A decade-long legal dispute between the city of Fort Wayne and a water utility will make a second appearance before the Indiana Supreme Court. The case was the only one of 28 in which a petition seeking transfer to the high court was granted for the week ending Aug. 10.
The justices granted transfer last week to Utility Center, Inc. d/b/a Aqua Indiana, Inc. v. City of Fort Wayne, 90S04-1208-PL-450. The city has sought since June 2002 to condemn utility property through eminent domain.
The city’s board of works has set prices multiple times for the acquisition of a water facility based on the average of estimates as required under Indiana Code 32-24-2. The price has fluctuated between $14.7 million and $17.2 million.
In January, the Court of Appeals unanimously found in favor of the city and rejected the utility’s argument that it was entitled to a jury trial to determine the fair market value of the land the city sought to condemn. The appeals court affirmed the trial court, “concluding that the trial court can and should decline to hold a jury trial and limit its review as such.”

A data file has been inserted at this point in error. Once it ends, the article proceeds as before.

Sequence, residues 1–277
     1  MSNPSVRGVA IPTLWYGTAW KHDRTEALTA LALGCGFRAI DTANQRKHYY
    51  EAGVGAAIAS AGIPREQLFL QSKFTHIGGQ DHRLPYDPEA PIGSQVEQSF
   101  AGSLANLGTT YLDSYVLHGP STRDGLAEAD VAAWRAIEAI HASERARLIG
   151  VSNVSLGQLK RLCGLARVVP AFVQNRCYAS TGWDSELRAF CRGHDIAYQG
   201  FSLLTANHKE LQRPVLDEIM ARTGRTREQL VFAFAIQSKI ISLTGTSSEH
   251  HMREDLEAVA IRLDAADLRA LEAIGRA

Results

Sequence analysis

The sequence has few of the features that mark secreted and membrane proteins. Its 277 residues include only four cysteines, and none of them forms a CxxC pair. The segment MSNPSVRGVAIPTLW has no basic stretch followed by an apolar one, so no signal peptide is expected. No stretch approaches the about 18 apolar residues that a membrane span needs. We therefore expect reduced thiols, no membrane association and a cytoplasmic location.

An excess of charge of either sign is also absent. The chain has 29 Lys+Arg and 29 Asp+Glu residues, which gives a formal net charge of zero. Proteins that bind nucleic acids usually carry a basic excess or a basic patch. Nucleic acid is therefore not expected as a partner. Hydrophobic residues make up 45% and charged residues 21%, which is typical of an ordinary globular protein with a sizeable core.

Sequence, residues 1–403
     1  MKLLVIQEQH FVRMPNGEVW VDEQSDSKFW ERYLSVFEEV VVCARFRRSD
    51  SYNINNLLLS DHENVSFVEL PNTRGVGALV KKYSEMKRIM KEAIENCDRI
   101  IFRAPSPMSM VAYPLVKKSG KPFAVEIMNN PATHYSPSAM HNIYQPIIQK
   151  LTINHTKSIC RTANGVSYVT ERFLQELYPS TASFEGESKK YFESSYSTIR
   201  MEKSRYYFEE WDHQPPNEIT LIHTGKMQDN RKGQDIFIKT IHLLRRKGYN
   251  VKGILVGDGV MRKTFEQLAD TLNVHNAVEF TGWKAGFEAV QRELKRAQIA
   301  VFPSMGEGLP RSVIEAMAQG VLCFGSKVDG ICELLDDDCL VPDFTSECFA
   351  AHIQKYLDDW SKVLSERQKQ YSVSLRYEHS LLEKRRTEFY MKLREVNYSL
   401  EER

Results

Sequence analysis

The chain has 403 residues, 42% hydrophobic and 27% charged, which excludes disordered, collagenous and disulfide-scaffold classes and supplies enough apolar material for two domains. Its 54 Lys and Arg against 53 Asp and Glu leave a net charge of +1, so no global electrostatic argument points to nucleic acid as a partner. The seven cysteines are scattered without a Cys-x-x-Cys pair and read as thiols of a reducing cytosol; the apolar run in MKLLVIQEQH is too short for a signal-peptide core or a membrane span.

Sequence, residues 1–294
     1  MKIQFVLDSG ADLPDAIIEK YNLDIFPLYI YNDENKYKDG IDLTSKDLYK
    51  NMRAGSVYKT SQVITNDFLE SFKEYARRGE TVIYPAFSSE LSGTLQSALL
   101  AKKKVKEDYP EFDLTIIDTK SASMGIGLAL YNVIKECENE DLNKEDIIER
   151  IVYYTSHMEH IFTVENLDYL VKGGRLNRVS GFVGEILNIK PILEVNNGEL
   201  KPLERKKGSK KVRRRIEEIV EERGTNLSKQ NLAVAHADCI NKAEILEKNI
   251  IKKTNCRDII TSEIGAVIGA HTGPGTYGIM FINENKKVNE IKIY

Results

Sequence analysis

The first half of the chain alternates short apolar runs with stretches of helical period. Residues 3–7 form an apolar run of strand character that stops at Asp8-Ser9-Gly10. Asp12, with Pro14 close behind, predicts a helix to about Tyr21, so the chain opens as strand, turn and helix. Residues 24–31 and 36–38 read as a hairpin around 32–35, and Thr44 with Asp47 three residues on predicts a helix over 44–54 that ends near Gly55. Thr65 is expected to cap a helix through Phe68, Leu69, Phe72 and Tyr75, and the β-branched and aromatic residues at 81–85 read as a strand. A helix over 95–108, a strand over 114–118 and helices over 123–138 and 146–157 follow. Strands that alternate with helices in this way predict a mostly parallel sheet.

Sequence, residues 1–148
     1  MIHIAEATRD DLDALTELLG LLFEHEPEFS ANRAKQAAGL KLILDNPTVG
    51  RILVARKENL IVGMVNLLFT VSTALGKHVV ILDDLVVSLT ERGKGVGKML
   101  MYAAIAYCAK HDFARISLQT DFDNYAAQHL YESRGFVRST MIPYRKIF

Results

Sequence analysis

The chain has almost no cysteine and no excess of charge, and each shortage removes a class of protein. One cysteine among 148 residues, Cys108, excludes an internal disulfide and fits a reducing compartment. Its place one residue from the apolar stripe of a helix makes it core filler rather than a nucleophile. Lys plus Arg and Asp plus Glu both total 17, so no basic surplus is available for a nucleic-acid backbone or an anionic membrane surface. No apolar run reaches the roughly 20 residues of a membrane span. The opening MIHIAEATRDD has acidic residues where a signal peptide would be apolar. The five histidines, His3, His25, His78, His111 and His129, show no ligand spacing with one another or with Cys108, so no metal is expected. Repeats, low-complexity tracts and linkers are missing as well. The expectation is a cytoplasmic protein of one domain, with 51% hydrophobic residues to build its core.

In 2007, the Supreme Court affirmed the trial court’s grant of summary judgment in favor of the city.
The justices declined to take the murder appeal of James Whately, who was convicted of killing Indianapolis hotel owner Bharat Patel in August 2007. It was one of 22 criminal cases the Supreme Court declined to grant transfer.
Other criminal appeals the Supreme Court denied include:
- The murder and armed robbery conviction of Lucas Holland in Monroe Superior Court. Holland was convicted of killing David Moore in 2010 after stealing an ATV on his property.
- Michael Phelps, convicted as an eighth-grader of attempted murder for shooting a former classmate at Martinsville Middle School. After his conviction during a bench trial, he was sentenced to 35 years in prison.
The transfer disposition list may be viewed here.